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Questions raised about unemployment following MI Supreme Court ruling on executive orders

Posted at 6:49 PM, Oct 06, 2020

GRAND RAPIDS, Mich. — The tug-of-war over executive orders is having broad impacts across our state including with unemployment.

Governor Whitmer issued at least five executive orders tied directly to UIA benefits, but with the state Supreme Court’s ruling on Friday thousands are wondering what it means for their benefits.

The answer we’ve found so far is that no one really knows.

The Unemployment Insurance Agency says the orders she signed including one deemed “unconstitutional” were essential to expand and extend benefits.

Because of the court’s ruling, some people may no longer qualify.

“I mean some of these things have workarounds, some of them don’t,” said Rachael Kohl, Director of the Workers’ Rights Clinic at the University of Michigan.

Kohl’s handled unemployment claims and questions for years but now has a few of her own.

“It’s confusing, now what’s supposed to happen?” she said.

Governor Whitmer signed at least five executive orders tied directly to unemployment benefits.

The most recent was back in May which the Supreme Court now says she didn’t have the authority to issue it.

Executive Order 76 boosted and expanded access to millions across the state, gave parents more options, and made it so the UIA only looked at your most recent employer to determine your eligibility for benefits - and not all of them within the last 18 months as set by state law.

“So, for an example, if you left your job and quit your job in January because you just didn’t like it, you didn’t file for benefits you just quit your job, you found a new job and started working at that new job and now you’re laid off due to COVID in March – you would be disqualified under Michigan law,” said Kohl.

Whitmer’s executive order changed that but with Friday’s ruling from the Supreme Court it seems to now be null and void. So will the UIA have to now go back through 2.5 million claims?

“They’ve had to process more claims in the last seven months than they had to in the last six years,” said Kohl. “So, they’re behind and they’re trying to still get out benefits to people that haven’t gotten them yet. So now, to make them have to go through and review everything while still trying to get other people their benefits to begin with, it’s placing the agency in a really tough spot.”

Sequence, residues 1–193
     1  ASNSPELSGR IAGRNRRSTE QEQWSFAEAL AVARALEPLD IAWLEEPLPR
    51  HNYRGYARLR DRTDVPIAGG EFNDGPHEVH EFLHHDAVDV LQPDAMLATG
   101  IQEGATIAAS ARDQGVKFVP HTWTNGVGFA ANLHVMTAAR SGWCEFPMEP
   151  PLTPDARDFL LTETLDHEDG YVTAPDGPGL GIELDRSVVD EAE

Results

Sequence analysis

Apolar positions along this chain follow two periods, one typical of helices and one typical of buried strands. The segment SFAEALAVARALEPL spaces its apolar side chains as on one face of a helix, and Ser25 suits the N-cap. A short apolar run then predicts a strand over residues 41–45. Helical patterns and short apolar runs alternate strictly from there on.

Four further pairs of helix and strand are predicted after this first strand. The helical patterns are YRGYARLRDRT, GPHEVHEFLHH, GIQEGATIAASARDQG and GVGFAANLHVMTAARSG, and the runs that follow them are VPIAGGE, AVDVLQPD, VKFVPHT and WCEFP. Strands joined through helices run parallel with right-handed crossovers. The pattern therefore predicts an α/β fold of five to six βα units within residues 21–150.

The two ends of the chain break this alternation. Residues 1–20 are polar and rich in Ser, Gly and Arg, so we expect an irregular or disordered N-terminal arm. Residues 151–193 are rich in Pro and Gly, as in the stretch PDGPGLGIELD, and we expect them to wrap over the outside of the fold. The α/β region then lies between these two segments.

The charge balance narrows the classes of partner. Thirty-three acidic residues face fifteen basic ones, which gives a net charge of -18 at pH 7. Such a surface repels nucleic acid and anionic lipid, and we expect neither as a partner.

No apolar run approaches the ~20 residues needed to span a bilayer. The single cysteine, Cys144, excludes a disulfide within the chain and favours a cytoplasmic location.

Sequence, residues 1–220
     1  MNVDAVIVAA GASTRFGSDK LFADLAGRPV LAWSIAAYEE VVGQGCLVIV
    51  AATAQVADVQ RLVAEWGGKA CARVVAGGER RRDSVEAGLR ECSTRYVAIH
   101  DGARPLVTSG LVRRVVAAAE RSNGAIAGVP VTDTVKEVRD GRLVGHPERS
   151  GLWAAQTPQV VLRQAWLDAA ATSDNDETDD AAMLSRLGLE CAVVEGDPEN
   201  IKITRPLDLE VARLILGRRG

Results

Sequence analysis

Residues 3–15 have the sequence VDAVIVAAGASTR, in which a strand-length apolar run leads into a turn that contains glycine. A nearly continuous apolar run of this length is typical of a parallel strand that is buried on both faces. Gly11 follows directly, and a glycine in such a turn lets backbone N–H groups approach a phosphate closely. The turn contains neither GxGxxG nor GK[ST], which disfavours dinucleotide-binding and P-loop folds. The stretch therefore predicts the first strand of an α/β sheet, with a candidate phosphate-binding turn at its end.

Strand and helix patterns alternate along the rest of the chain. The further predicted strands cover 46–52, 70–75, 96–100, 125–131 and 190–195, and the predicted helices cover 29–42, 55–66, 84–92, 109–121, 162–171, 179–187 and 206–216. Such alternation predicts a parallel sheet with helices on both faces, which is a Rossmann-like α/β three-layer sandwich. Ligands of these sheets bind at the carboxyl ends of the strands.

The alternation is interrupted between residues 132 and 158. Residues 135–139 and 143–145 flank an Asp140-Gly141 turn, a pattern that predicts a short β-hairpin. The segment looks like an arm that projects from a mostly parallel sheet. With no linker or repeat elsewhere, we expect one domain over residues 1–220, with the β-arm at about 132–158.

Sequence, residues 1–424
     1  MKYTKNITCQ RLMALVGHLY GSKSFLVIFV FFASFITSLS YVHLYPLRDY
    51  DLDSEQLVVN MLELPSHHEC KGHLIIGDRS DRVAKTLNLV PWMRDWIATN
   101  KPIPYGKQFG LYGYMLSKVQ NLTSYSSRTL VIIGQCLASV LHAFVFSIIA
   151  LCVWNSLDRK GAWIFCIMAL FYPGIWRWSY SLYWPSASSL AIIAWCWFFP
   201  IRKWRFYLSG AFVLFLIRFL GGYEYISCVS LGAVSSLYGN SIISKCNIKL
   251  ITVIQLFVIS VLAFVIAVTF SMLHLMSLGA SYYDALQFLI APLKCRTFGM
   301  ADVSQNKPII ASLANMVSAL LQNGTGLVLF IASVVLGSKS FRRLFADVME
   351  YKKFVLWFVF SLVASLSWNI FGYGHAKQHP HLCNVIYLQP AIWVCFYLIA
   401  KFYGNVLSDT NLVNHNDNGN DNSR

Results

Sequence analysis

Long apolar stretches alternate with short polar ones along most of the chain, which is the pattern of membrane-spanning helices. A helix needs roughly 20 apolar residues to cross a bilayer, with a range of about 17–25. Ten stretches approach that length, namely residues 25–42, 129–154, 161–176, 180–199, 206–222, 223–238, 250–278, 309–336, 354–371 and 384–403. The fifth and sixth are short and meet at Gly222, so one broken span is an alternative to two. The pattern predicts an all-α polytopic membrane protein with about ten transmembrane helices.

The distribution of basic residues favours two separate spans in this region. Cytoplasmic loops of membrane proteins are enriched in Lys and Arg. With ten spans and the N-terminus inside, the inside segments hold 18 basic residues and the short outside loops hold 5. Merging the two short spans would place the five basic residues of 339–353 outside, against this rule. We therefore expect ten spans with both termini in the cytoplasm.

Kohl says the unemployment executive orders allowed more people to file for benefits, protected employers from being charged directly in some cases, and also expanded the Work Share Program saving the state money since it paid out some benefits with federal dollars from the CARES Act.

“If you were living in almost any other state in this entire country you’d be able to get benefits in many circumstances, but in Michigan you’ll be cut out and that’s because of the way our statute is written,” said Kohl.

Before the EOs, Michigan only allowed 20 weeks of benefits and the orders increased it to 26.

They also allowed parents to file a claim if they couldn’t find childcare. Kohl says Michigan is one of the only states in the country that still don’t allow that – but the executive orders did.

“Beyond that, some of the other red tape issues are the ‘actively seeking work’ she waived that, she waived the in-person requirement that you had to go in-person to register for Michigan Works – again we’re the only state who requires that in the entire country,” said Kohl.

The UIA is now working with the AG’s office to understand what the court’s ruling now means for benefits.

In a statement to FOX 17 the agency said:

Gov. Whitmer’s Executive Orders were essential to expand and extend eligibility for unemployment benefits, including removing red-tape procedural requirements. The UIA is working with the Office of Attorney General now to understand all of the ramifications of the Michigan Supreme Court advisory requirements.

There are currently a total of around 830,000 active unemployment claimants across all programs including Pandemic Unemployment Assistance.

I reached out to State Senator Mike Shirkey’s office to see if republicans would be willing to make Executive Order 2020-76 a law, but have not received a response.